Project Management

Running Multiple Improvement Experiments in Parallel

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Running multiple experiments in parallel

In Continuous Improvement Through Experimentation we described how a team could improve their way of working (WoW) via the strategy depicted in Figure 1.  In Better Decisions Lead to Better Process Outcomes we showed how you can increase the rate of improvement by identifying potential improvements that are likely to work in your situation.  In this blog we describe how to accelerate your team’s improvement by running multiple improvement experiments in parallel.

Figure 1. Running an experiment to evolve your WoW (click to enlarge).

Experiment to evolve your WoW

The strategy is exactly as it sounds.  Instead of running a single process improvement experiment at a time you run several at once.  You may decide to do this for one of several reasons:

  • You want to compare several strategies that potentially address the same process issue you hope to resolve.
  • You have several process issues that you hope to resolve at the same time.
  • Your team is currently running an experiment and feels it has capacity to take on another improvement experiment.
  • Techniques are dependent on one another, such as automated regression testing and continuous integration (CI).

Although this strategy will help your team to increase its rate of improvement, there are two fundamental challenges with it.  First, it is harder to assess the effectiveness of an individual technique when multiple experiments are being run in parallel because they can interact with each other.  For example, you decide to experiment with holding stakeholder demos and with active stakeholder participation at the same time (you weren’t doing either one until now).  When you see improvements in the quality of stakeholder satisfaction with the product you’re developing, is that the result of one of the practices but not the other or both of them in combination? If can’t definitively answer that question, it will make it hard to assess the effectiveness of each technique.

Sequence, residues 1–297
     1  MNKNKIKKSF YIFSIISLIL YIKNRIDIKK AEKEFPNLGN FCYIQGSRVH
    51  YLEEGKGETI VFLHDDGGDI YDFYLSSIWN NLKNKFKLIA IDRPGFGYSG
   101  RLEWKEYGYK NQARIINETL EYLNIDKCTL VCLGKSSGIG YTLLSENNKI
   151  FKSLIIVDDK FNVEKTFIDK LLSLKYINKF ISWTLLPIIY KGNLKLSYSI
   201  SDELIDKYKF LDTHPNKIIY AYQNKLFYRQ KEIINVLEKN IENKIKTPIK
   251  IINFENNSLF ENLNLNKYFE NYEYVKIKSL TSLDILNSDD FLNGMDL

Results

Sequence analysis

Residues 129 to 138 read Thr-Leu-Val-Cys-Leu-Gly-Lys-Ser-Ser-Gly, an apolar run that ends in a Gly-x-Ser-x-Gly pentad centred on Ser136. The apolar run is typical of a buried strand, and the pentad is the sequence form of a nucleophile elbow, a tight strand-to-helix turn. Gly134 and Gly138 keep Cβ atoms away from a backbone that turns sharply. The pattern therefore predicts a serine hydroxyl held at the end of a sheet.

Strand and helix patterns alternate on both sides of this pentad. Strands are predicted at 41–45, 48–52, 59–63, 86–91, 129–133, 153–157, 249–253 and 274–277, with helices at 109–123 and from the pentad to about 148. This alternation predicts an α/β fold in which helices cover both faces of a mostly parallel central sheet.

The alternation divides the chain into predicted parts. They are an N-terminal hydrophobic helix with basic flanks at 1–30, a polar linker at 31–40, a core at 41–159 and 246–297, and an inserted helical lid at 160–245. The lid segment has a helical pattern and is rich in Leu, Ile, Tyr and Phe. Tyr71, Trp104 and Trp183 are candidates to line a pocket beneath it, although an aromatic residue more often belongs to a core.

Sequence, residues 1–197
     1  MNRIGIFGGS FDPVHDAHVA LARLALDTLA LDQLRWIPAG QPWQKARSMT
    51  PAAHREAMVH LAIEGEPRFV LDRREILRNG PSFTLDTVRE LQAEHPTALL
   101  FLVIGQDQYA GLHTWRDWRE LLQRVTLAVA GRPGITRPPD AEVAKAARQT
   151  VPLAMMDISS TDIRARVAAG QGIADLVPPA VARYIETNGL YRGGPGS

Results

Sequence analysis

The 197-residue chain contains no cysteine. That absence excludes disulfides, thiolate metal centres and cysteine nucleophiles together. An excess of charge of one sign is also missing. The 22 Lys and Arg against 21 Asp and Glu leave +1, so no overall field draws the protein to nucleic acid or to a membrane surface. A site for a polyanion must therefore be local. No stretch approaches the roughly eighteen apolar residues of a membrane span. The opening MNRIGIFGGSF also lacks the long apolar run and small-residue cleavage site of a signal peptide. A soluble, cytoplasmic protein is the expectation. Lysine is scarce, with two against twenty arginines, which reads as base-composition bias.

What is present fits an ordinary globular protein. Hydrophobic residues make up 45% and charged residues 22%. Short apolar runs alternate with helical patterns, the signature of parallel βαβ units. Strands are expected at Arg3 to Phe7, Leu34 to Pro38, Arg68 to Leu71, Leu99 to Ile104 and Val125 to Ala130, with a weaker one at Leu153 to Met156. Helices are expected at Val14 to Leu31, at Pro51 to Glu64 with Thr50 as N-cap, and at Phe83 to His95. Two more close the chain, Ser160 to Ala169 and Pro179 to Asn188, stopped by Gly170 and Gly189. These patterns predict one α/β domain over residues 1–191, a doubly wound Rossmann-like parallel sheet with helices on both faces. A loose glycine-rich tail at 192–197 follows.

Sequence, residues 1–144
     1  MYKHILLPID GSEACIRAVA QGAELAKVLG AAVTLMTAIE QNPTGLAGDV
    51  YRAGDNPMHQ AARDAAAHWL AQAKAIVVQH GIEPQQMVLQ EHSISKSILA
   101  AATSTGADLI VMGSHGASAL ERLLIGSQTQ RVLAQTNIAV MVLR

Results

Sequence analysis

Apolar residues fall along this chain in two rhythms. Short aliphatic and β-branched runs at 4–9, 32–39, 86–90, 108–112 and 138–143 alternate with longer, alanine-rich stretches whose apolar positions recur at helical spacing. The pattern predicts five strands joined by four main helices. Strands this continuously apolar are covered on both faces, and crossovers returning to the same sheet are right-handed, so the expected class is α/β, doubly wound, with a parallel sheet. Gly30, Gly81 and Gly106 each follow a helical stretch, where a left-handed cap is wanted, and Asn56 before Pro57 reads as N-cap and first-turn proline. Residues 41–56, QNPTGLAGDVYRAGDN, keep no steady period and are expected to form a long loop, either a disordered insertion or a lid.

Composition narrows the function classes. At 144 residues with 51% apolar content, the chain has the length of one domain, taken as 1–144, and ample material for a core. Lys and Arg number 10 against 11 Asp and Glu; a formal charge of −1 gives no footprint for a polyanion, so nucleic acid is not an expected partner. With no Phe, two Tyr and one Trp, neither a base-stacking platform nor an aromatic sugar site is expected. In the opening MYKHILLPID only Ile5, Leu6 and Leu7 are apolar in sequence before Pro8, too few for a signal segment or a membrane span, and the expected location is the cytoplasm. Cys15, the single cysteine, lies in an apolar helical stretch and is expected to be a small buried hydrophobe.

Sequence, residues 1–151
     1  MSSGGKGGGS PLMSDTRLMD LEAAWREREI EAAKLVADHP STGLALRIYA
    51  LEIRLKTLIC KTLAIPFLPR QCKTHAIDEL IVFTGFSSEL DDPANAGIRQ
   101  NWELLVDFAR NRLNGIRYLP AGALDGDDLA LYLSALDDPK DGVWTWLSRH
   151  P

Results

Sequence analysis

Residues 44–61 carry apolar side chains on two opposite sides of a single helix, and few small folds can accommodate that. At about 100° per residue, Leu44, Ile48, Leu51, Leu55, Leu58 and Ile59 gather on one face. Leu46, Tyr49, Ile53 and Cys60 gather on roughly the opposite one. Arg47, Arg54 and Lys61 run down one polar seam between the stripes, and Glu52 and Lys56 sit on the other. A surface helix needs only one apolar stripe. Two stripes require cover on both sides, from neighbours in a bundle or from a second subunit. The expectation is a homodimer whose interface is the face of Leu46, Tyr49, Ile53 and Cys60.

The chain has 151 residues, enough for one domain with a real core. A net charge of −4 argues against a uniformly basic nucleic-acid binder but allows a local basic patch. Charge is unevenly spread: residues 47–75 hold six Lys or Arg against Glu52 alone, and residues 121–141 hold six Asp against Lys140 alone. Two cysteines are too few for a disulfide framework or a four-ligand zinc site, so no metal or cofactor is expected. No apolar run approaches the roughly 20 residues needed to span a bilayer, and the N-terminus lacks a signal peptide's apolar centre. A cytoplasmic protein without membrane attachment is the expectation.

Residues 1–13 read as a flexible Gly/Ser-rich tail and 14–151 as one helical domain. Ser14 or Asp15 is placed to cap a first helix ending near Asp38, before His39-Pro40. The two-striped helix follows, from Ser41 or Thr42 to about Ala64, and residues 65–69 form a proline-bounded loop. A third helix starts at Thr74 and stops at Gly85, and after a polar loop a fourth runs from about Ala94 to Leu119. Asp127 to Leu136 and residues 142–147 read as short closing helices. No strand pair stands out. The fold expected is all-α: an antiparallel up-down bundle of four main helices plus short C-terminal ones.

Second, you only have so much capacity for experimenting with new WoW. It can be hard enough, sometimes, to convince your organization’s leadership to allow you the time to experiment in the first place.  Getting time to run multiple experiments is even harder.

Our point is that running an experimentation-based approach to evolving your way of working (WoW) makes sense.  In some cases running multiple experiments in parallel can be even more effective.


For more information about choosing and evolving your WoW, we humbly suggest that you consider reading our book Choose Your WoW! A Disciplined Agile Delivery Handbook for Optimizing Your Way of Working. If you want to succeed at enterprise agile you need choices, not prescriptions.

Posted by Scott Ambler on: February 01, 2019 09:35 AM | Permalink

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